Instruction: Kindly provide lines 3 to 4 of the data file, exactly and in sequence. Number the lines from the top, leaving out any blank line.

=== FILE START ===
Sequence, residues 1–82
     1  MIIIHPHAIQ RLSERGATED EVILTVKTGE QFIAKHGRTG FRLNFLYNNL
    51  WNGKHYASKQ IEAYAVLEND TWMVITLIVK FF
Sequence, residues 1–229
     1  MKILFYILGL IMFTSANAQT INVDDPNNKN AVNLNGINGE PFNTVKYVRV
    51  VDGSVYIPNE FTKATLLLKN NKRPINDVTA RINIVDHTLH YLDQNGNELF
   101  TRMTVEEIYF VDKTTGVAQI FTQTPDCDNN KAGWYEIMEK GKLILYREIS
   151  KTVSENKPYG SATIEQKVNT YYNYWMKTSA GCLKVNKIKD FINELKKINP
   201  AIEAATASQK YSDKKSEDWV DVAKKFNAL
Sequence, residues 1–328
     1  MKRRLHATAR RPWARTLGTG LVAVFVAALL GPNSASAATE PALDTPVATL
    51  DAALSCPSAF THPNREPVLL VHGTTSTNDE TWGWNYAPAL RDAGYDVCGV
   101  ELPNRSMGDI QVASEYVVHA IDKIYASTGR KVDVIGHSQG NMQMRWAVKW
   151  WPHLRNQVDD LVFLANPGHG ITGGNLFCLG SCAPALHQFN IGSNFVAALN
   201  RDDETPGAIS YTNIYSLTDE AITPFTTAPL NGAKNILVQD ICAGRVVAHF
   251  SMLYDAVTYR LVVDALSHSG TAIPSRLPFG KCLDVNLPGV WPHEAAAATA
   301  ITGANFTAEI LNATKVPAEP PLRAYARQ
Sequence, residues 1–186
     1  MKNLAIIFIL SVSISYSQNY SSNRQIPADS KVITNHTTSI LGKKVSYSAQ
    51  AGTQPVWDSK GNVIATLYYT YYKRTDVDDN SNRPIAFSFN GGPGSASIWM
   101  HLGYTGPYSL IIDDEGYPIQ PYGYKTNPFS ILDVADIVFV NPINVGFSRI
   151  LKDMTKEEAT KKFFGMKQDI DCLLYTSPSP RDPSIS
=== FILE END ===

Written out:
    51  WNGKHYASKQ IEAYAVLEND TWMVITLIVK FF
Sequence, residues 1–229